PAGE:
Smug articles gloat on how courts have blocked transparency of discovery for so called differences in record keeping quality that no participants or anyone in the industry can even measure. [iii]  As attorney James Watkins says “Requiring a plaintiff to plead specific information known only to the defendant, without an opportunity to discover such specifics, is obviously just an attempt to protect plans.”

In this absurd insult to justice and transparency, some judges are putting the initial burden of proof on participants where the plan is deliberately hiding the critical information needed to fulfill that burden.

In addition, revenue sharing is an another way to help hide excessive recordkeeping fees, as some judges ignore these obvious issues. A 2021 study by experts from the Federal Reserve and leading universities says higher fees are not associated with better performance; to the contrary, “The future performance of revenue-sharing funds is weaker than that of non-sharing funds.  The bulk of the under-performance is driven by higher fees, though revenue sharing funds display lower performance even after accounting for fees.”[iv]

Revenue sharing does not hold up during discovery and this has been confirmed by the fiduciary liability insurance industry, which put much higher litigation risk on plans with revenue sharing and either denying coverage or raising rates significantly. [v]

There are some instances of additional administrative services couched as education that can, in fact, be harmful to participants.   Especially insurance providers, and especially in hospitals which are known to provide commissioned salespeople who actually try to push participants into higher fee funds and cross-sell them on imprudent outside investments as well.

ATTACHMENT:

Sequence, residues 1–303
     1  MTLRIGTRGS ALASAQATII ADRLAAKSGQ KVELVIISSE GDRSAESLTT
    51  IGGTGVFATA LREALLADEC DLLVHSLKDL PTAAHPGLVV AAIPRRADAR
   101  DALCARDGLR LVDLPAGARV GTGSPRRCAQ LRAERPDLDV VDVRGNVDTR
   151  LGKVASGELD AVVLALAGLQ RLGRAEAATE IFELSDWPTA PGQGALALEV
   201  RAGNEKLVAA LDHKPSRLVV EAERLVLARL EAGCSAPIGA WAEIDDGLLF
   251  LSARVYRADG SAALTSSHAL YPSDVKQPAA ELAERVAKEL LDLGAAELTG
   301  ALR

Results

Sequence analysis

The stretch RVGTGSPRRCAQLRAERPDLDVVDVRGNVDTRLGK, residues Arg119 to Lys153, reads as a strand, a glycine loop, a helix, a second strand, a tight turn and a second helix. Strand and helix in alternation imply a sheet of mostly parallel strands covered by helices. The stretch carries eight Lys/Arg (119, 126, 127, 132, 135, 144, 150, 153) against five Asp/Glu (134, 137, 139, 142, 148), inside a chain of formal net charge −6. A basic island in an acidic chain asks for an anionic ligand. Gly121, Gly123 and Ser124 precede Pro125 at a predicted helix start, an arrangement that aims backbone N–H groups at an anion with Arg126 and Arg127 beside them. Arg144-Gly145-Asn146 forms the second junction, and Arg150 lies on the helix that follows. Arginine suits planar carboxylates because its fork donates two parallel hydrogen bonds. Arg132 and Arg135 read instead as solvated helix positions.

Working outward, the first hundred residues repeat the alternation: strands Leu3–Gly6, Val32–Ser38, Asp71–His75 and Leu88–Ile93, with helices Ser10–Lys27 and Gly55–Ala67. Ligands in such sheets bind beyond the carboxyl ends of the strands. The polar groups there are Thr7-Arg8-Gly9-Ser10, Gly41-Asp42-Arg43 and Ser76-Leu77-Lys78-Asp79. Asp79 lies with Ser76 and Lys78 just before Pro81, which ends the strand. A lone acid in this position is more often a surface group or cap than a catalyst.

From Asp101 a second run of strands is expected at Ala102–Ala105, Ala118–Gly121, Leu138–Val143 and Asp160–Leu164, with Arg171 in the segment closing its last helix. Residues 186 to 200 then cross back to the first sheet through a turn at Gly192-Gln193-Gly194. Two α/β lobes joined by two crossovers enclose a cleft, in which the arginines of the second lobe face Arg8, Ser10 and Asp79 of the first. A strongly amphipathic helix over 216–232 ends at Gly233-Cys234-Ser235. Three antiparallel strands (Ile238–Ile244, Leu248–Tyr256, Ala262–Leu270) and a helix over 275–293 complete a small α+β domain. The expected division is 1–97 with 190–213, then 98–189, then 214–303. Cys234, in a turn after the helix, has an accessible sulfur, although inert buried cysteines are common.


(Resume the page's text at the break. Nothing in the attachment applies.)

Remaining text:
Competitive recordkeeping costs have been established at $30 to $50 per heard for plans over $200 million in assets.   There are no material differences in the quality of recordkeeping.  Judges are dismissing fees double to such fees for identical services. The fact that such fees are largely ignored because they are non-transparent in no way reduces the  significant harm they cause to participants.


[i] https://www.employeefiduciary.com/knowledge-center/dont-let-your-401k-provider-hide-the-cost-of-your-plan

[ii] https://www.employeefiduciary.com/sample-fee-comparisons/

[iii] https://www.natlawreview.com/article/light-dark-seventh-circuit-helps-clarify-new-pleading-standards-401k-fee-cases

[iv] Pool, Sialm, and Stefanescu, Mutual Fund Revenue Sharing in 401(k) Plans, May 14, 2021,  available at: https://ssrn.com/abstract=3752296

[v] https://www.plansponsor.com/factors-can-cut-cost-fiduciary-liability-insurance/

The Conversation Every 401(k) and 403(b) Plan Needs to Have: The Plan Sponsor Liability Circle™

James W. Watkins, III, J.D., CFP®, AWMA®